The correction of the aforementioned errors and inaccuracies is performed by the method of calibration of the firearm which should be mounted on a firm base, such as a tripod. The calibration procedure is performed on a calibration reticle that is placed on screen 1. Throughout the calibration process, the laser diode is placed into a continuous light emitting state. To achieve accurate calibration, with the help of rotating screws 30 and 31, it is necessary to align the laser light beam and the sight marker's aiming line in the center of the calibration reticle. Once calibrated for a particular type of a weapon, the emitting unit can be used on any weapon belonging to that particular weapon type without further adjustments.
The diagram of the wedge clasp is shown on
The architecture of the emitting unit is universal and can be mounted and installed in any firearm from 5.4 mm to 10 mm of caliber and more. With slight design modifications without changing core constructive principals, the emitting unit can be mounted on a weapon over 10 mm of caliber for use with the training simulator. This task can be accomplished by the introduction of an adapter containing a lever, which is brought to motion by lever 42 and by such analogous means allows for mounting of the emitting unit device with the mounting adapter inside of a firearm's barrel.
The pulling of the trigger imitator 52 causes its upper side to activate switch 56, and the release of the trigger imitator 52 returns the imitator and the switch to the deactivated state with or without firearm's actual trigger 55 depending on the weapon model and/or type. As it is known that some firearms being in the unloaded state lock the trigger after it is pulled once. Thus, the aforementioned technical solution allows for usage of any firearms for training purposes such as:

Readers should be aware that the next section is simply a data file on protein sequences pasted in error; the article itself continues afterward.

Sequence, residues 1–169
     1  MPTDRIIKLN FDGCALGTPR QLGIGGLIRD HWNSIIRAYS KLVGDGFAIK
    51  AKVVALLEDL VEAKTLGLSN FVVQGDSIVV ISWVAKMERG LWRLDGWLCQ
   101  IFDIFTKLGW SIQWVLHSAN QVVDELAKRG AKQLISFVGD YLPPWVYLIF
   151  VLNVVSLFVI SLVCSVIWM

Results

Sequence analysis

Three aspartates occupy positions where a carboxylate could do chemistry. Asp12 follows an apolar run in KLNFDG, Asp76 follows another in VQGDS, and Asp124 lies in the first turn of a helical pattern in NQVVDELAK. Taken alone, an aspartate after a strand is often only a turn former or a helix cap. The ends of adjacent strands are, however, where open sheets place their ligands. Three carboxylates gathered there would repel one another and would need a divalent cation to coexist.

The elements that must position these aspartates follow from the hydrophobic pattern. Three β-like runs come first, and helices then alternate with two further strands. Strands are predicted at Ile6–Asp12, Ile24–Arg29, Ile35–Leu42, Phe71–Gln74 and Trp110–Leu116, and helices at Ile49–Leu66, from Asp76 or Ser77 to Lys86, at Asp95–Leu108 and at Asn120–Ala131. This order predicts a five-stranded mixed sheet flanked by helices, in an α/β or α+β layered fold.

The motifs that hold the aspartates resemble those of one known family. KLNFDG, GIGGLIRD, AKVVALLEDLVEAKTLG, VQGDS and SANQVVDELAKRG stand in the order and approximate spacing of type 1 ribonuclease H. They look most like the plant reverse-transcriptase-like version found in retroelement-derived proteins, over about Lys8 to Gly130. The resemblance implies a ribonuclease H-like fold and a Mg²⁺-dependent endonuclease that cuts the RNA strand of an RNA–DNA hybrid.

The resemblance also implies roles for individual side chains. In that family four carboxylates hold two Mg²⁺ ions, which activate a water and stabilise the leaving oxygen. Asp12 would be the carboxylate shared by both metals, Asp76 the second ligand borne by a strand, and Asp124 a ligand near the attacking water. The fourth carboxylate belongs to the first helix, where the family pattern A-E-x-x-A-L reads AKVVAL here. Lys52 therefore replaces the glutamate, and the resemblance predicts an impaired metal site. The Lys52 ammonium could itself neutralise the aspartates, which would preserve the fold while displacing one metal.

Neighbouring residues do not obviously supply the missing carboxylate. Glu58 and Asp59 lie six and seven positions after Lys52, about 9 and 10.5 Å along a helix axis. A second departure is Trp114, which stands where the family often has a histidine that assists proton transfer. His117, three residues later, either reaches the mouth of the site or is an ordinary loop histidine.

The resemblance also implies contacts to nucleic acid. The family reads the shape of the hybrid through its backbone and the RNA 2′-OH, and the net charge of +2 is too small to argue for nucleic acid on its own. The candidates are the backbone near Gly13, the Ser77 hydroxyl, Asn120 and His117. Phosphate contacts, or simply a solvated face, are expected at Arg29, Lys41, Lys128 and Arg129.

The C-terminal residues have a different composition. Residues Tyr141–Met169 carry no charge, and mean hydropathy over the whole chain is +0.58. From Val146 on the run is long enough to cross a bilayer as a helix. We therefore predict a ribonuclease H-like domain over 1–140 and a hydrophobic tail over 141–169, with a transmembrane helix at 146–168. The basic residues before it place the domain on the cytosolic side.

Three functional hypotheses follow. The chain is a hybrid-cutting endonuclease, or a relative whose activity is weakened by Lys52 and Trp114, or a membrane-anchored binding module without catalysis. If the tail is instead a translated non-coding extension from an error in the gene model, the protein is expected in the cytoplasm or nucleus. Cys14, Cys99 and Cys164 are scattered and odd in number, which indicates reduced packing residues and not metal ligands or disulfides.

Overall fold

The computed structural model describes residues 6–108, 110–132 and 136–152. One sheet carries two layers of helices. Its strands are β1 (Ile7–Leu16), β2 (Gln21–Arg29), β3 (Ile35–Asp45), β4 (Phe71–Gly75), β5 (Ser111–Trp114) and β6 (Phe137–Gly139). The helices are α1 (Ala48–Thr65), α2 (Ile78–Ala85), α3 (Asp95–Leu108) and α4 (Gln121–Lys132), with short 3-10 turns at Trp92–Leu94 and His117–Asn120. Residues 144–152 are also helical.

Firm brace 49 and trigger imitator 52 are designed to be unsymmetrical. The right side of the firm brace 49 only contains stop screws 50 and half-axis 51. The left side of firm brace 49 contains screw 53, spring 54, switch 56, as well as miniature fork 57 and mounting rod 58. The contactor socket contains cable 26 which connects to the emitting unit 16, and cable 18 which connects to the optical unit 4. Cable 18 is also secondarily attached to the bezel 28 with the use of a firm bracket 27. For various weapon groups with similar trigger area sizes, trigger imitator contactors of corresponding fit can be manufactured and offered with the simulator as optional components.
The aforementioned technical solutions augment tactical, usable and informative functionalities of laser training simulator where:
|Cited Patent||Filing date||Publication date||Applicant||Title|
|US3849910 *||Feb 12, 1973||Nov 26, 1974||Singer Co||Training apparatus for firearms use|
|US3888022||Jun 4, 1974||Jun 10, 1975||Us Army||Moving target screen|
|US3964178||Jul 3, 1975||Jun 22, 1976||The United States Of America As Represented By The Secretary Of The Navy||Universal infantry weapons trainer|
|US3996674 *||Jan 29, 1976||Dec 14, 1976||The United States Of America As Represented By The Secretary Of The Army||Distribution of fire display technique for moving target screens|
|US4102059 *||Aug 2, 1976||Jul 25, 1978||Cerheronics Inc.||Small arms laser training device|
|US4137651||May 19, 1978||Feb 6, 1979||The United States Of America As Represented By The Secretary Of The Army||Moving target practice firing simulator|